First-time buyers who still have student loans to pay off could be heavily disadvantaged by the new mortgage rules.
Among those affected will not only be recent graduates, but those who may have graduated ten years ago – none of whom would have been advised of the implications that have now emerged.
They could find their mortgage applications rejected outright or the amount they want to borrow slashed.
Although student loans are commonly perceived as not being a problem for credit rating purposes, the Financial Conduct Authority and the Building Societies Association have both confirmed they will be taken into consideration by lenders following the Mortgage Market Review.
The BSA said they would be included as part of the affordability assessment: “We would urge all borrowers with student loans to be responsible and realistic and reduce their debt elsewhere as much as possible if they are thinking of applying for a mortgage.”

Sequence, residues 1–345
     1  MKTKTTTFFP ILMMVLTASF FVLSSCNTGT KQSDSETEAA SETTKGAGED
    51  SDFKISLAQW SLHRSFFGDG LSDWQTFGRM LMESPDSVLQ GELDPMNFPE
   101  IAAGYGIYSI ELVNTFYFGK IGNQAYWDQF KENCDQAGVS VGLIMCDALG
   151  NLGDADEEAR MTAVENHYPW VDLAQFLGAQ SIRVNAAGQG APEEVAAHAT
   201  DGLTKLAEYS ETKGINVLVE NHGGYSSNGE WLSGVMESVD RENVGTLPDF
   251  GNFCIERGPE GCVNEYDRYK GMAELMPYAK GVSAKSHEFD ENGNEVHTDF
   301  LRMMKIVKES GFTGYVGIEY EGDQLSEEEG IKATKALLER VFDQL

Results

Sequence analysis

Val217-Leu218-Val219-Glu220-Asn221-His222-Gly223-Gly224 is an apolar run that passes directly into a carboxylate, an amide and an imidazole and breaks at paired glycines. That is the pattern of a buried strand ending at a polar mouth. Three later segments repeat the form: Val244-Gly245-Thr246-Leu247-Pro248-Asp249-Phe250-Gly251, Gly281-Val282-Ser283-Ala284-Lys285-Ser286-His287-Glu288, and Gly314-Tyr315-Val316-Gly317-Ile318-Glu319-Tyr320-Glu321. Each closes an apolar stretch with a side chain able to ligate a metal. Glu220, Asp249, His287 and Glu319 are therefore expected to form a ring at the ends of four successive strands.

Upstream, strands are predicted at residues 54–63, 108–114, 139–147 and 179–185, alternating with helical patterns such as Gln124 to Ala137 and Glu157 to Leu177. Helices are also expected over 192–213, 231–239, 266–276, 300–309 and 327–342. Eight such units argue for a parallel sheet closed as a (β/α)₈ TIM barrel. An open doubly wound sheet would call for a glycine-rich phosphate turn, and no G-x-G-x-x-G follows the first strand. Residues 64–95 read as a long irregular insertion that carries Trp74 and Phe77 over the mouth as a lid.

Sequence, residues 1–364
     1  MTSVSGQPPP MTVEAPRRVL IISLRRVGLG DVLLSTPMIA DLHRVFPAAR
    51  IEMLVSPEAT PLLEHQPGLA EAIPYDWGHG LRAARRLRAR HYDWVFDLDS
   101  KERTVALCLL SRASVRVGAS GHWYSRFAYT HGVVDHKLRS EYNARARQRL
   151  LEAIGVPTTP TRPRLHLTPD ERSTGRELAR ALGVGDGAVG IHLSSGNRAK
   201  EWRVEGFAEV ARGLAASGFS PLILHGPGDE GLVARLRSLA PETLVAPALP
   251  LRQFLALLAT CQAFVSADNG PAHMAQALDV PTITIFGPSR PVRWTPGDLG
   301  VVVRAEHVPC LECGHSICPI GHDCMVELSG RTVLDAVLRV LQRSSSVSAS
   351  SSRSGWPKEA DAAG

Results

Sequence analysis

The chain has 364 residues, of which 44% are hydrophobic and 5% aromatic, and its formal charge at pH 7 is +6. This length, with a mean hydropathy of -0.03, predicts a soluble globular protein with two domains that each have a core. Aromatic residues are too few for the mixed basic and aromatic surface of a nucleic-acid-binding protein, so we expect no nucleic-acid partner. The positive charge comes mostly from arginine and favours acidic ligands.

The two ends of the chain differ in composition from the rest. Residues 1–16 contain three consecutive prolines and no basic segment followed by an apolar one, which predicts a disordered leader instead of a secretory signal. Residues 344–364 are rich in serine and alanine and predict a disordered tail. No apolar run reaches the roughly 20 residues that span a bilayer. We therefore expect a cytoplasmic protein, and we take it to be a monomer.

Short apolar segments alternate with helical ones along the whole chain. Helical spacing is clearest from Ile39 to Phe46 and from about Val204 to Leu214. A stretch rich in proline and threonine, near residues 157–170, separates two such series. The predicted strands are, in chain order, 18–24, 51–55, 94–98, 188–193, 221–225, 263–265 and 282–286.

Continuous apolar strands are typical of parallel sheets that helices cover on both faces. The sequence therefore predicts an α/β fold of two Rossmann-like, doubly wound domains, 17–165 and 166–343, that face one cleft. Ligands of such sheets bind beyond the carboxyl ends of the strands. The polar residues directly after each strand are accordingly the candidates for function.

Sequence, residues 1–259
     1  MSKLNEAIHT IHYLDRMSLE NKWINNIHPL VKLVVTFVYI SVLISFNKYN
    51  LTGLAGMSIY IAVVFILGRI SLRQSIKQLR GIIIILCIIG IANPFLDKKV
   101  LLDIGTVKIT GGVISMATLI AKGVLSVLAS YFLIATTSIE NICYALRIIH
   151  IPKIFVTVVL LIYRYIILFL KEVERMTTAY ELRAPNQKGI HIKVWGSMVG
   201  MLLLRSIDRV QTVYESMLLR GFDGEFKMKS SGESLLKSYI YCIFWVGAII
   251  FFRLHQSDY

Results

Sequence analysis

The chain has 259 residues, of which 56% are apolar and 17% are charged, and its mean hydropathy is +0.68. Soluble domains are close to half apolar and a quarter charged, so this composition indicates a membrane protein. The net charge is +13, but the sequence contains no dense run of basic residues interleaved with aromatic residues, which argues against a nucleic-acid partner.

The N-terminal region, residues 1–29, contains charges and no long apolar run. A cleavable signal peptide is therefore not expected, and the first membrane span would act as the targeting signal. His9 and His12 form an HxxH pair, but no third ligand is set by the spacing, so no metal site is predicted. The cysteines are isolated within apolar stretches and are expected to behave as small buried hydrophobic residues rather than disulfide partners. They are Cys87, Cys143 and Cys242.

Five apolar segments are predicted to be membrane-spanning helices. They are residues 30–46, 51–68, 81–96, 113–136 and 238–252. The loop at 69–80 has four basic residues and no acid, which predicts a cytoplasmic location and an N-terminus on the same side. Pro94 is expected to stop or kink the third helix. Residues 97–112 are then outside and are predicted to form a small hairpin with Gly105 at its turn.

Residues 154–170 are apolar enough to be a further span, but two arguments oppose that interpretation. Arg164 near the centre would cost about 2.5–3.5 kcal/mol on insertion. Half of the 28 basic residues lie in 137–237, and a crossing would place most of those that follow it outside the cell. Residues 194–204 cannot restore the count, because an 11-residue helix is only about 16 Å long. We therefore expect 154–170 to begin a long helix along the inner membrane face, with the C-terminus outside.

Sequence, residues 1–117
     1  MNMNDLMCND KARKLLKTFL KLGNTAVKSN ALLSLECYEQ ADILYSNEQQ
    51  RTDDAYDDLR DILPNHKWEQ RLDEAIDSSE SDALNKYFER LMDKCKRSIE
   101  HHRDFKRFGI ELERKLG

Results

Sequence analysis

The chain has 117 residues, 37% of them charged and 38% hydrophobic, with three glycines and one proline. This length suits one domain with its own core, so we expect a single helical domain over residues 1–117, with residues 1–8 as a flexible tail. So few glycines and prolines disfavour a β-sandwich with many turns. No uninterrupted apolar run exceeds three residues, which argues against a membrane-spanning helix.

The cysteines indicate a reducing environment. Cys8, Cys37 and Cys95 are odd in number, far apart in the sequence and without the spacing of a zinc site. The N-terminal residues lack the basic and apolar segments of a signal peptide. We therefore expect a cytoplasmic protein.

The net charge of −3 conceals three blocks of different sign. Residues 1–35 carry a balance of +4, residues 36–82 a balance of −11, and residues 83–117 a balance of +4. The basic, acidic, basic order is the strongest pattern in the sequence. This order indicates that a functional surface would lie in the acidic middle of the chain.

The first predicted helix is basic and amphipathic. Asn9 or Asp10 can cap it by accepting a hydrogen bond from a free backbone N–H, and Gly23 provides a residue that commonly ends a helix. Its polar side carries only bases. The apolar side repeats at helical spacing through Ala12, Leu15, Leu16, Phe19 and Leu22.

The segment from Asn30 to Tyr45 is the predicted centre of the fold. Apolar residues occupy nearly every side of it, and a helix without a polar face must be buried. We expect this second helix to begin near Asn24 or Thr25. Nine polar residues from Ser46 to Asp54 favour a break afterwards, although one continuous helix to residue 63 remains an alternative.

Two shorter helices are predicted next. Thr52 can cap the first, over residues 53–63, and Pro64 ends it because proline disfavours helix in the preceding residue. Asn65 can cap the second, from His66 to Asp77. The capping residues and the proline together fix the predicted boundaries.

Alexander Burgess, director of finance firm British Money, said: “There appears to be a common misconception among students that anyone who has taken out student finance will have their loan discounted, but this simply isn’t the case.
“Universities imply it’s not considered to be a debt, credit rating firms are swerving the subject on whether they’ll access student loans records, and financial sites such as Money Saving Expert suggest ‘student loans do not go on credit files’.”
Halifax also confirmed that as a lender it is now looking at student debts when it considers mortgage applications, while brokers London & Country Mortgages said: “Any kind of loan payment will be factored into an affordability calculation as a commitment and it will have a direct bearing on how much the applicant can borrow.
“Any regular cost, including a student loan, will therefore potentially reduce the level of mortgage borrowing.”